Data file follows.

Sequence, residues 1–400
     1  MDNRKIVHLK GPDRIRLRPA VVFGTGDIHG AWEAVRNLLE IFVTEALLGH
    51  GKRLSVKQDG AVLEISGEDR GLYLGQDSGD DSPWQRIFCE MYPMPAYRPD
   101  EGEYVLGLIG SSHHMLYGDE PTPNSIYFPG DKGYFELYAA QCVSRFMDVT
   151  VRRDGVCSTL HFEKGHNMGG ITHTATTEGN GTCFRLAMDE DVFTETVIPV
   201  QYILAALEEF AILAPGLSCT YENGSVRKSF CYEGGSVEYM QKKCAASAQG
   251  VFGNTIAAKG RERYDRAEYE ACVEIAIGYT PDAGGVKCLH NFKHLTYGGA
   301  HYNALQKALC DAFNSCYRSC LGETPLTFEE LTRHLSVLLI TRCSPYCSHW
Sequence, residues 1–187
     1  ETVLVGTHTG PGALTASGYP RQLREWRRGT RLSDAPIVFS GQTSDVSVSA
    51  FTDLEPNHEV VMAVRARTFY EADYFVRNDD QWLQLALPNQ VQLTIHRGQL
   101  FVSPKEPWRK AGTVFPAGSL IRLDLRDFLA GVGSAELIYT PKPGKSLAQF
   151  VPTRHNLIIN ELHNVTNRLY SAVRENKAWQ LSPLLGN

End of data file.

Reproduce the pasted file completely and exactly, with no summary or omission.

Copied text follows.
Sequence, residues 1–400
     1  MDNRKIVHLK GPDRIRLRPA VVFGTGDIHG AWEAVRNLLE IFVTEALLGH
    51  GKRLSVKQDG AVLEISGEDR GLYLGQDSGD DSPWQRIFCE MYPMPAYRPD
   101  EGEYVLGLIG SSHHMLYGDE PTPNSIYFPG DKGYFELYAA QCVSRFMDVT
   151  VRRDGVCSTL HFEKGHNMGG ITHTATTEGN GTCFRLAMDE DVFTETVIPV
   201  QYILAALEEF AILAPGLSCT YENGSVRKSF CYEGGSVEYM QKKCAASAQG
   251  VFGNTIAAKG RERYDRAEYE ACVEIAIGYT PDAGGVKCLH NFKHLTYGGA
   301  HYNALQKALC DAFNSCYRSC LGETPLTFEE LTRHLSVLLI TRCSPYCSHW
Sequence, residues 1–187
     1  ETVLVGTHTG PGALTASGYP RQLREWRRGT RLSDAPIVFS GQTSDVSVSA
    51  FTDLEPNHEV VMAVRARTFY EADYFVRNDD QWLQLALPNQ VQLTIHRGQL
   101  FVSPKEPWRK AGTVFPAGSL IRLDLRDFLA GVGSAELIYT PKPGKSLAQF
   151  VPTRHNLIIN ELHNVTNRLY SAVRENKAWQ LSPLLGN